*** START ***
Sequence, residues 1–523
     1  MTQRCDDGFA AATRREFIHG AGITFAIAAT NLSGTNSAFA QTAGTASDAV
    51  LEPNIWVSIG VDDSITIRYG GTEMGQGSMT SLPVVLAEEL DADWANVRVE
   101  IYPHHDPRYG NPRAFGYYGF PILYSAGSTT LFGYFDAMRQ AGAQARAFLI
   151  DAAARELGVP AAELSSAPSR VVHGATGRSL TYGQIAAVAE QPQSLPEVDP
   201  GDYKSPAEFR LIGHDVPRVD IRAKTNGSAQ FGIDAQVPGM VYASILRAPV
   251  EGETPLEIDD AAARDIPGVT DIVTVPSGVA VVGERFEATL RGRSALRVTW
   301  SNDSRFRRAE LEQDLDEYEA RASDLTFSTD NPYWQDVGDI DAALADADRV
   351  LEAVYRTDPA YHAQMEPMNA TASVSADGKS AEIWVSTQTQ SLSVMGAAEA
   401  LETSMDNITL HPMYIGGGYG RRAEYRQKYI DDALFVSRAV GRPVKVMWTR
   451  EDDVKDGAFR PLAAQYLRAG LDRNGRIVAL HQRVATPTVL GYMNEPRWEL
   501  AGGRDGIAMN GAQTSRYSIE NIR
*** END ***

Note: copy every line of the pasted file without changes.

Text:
Sequence, residues 1–523
     1  MTQRCDDGFA AATRREFIHG AGITFAIAAT NLSGTNSAFA QTAGTASDAV
    51  LEPNIWVSIG VDDSITIRYG GTEMGQGSMT SLPVVLAEEL DADWANVRVE
   101  IYPHHDPRYG NPRAFGYYGF PILYSAGSTT LFGYFDAMRQ AGAQARAFLI
   151  DAAARELGVP AAELSSAPSR VVHGATGRSL TYGQIAAVAE QPQSLPEVDP
   201  GDYKSPAEFR LIGHDVPRVD IRAKTNGSAQ FGIDAQVPGM VYASILRAPV
   251  EGETPLEIDD AAARDIPGVT DIVTVPSGVA VVGERFEATL RGRSALRVTW
   301  SNDSRFRRAE LEQDLDEYEA RASDLTFSTD NPYWQDVGDI DAALADADRV
   351  LEAVYRTDPA YHAQMEPMNA TASVSADGKS AEIWVSTQTQ SLSVMGAAEA
   401  LETSMDNITL HPMYIGGGYG RRAEYRQKYI DDALFVSRAV GRPVKVMWTR
   451  EDDVKDGAFR PLAAQYLRAG LDRNGRIVAL HQRVATPTVL GYMNEPRWEL
   501  AGGRDGIAMN GAQTSRYSIE NIR